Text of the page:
I was recently joined in Queanbeyan by the Deputy Prime Minister, Julia Gillard, and the Minister for Employment Participation, Senator Mark Arbib, to speak with local apprentices about the Apprentice Kickstart program. The overwhelming feedback we received was that this program is helping young kids, both male and female, to take up trades in industries where we need them.

The Australian government remains committed to the challenge of climate change. The government will be providing $652.5 million to establish the Renewable Energy Future Fund to support Australia’s transition to a low-carbon pollution economy. The renewable energy fund represents an economically responsible approach to tackling climate change and will form part of the government’s expanded $5.1 billion Clean Energy Initiative. The fund will provide additional support for development and deployment of large- and small-scale renewable energy projects in solar, wave and geothermal energy, and the take-up of industrial, commercial and residential energy efficiency, which will assist local businesses to reduce their energy consumption. Action on climate change continues to be a high priority for me personally, and I look forward to the possibilities that this fund will create for us in Eden-Monaro. Our potential in this area is virtually unlimited.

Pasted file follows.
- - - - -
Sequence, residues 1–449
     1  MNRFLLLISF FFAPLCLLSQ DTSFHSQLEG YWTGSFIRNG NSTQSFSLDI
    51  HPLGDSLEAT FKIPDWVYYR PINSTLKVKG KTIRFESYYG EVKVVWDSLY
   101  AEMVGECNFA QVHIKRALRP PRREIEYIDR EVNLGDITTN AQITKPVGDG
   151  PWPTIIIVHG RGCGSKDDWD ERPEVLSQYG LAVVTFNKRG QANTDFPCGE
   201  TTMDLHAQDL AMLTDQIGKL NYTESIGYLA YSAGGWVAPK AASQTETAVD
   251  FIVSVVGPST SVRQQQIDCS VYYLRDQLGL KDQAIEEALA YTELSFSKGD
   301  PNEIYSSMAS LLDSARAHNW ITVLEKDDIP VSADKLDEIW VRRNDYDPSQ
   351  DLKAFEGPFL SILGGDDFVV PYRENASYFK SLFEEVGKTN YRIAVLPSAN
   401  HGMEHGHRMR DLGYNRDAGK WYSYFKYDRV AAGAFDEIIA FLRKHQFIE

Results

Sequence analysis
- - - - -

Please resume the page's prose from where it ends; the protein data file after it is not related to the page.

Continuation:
The budget will bring welcome relief for families, low-income workers and seniors, who will receive their third round of tax cuts in three years. For three years in a row this government has helped working families to balance their own budgets by delivering tax cuts. We on this side of the chamber have been unwavering in our commitment to deliver these cuts. As a direct result of these cuts, this year a worker earning $20,000 will pay $750 less, a worker earning $50,000 will pay $1,750 less and a worker earning $80,000 will pay $1,550 less.